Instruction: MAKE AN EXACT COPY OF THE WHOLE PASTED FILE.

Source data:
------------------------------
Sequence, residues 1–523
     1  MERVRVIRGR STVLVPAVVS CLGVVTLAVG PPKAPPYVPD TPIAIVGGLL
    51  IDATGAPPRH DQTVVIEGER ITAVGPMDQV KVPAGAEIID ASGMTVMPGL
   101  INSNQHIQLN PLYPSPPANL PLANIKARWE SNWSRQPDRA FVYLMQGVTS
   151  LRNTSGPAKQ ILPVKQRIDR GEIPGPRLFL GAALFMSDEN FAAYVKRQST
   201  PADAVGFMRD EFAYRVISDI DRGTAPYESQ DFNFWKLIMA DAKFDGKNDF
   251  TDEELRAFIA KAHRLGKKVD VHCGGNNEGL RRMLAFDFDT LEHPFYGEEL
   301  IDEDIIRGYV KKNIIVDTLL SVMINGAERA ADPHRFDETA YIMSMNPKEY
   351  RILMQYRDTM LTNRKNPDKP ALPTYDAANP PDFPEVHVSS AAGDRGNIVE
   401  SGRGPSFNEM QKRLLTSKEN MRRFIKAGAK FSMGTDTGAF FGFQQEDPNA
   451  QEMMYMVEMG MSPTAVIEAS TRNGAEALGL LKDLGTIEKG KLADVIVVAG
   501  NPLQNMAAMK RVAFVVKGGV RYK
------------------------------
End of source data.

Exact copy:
Sequence, residues 1–523
     1  MERVRVIRGR STVLVPAVVS CLGVVTLAVG PPKAPPYVPD TPIAIVGGLL
    51  IDATGAPPRH DQTVVIEGER ITAVGPMDQV KVPAGAEIID ASGMTVMPGL
   101  INSNQHIQLN PLYPSPPANL PLANIKARWE SNWSRQPDRA FVYLMQGVTS
   151  LRNTSGPAKQ ILPVKQRIDR GEIPGPRLFL GAALFMSDEN FAAYVKRQST
   201  PADAVGFMRD EFAYRVISDI DRGTAPYESQ DFNFWKLIMA DAKFDGKNDF
   251  TDEELRAFIA KAHRLGKKVD VHCGGNNEGL RRMLAFDFDT LEHPFYGEEL
   301  IDEDIIRGYV KKNIIVDTLL SVMINGAERA ADPHRFDETA YIMSMNPKEY
   351  RILMQYRDTM LTNRKNPDKP ALPTYDAANP PDFPEVHVSS AAGDRGNIVE
   401  SGRGPSFNEM QKRLLTSKEN MRRFIKAGAK FSMGTDTGAF FGFQQEDPNA
   451  QEMMYMVEMG MSPTAVIEAS TRNGAEALGL LKDLGTIEKG KLADVIVVAG
   501  NPLQNMAAMK RVAFVVKGGV RYK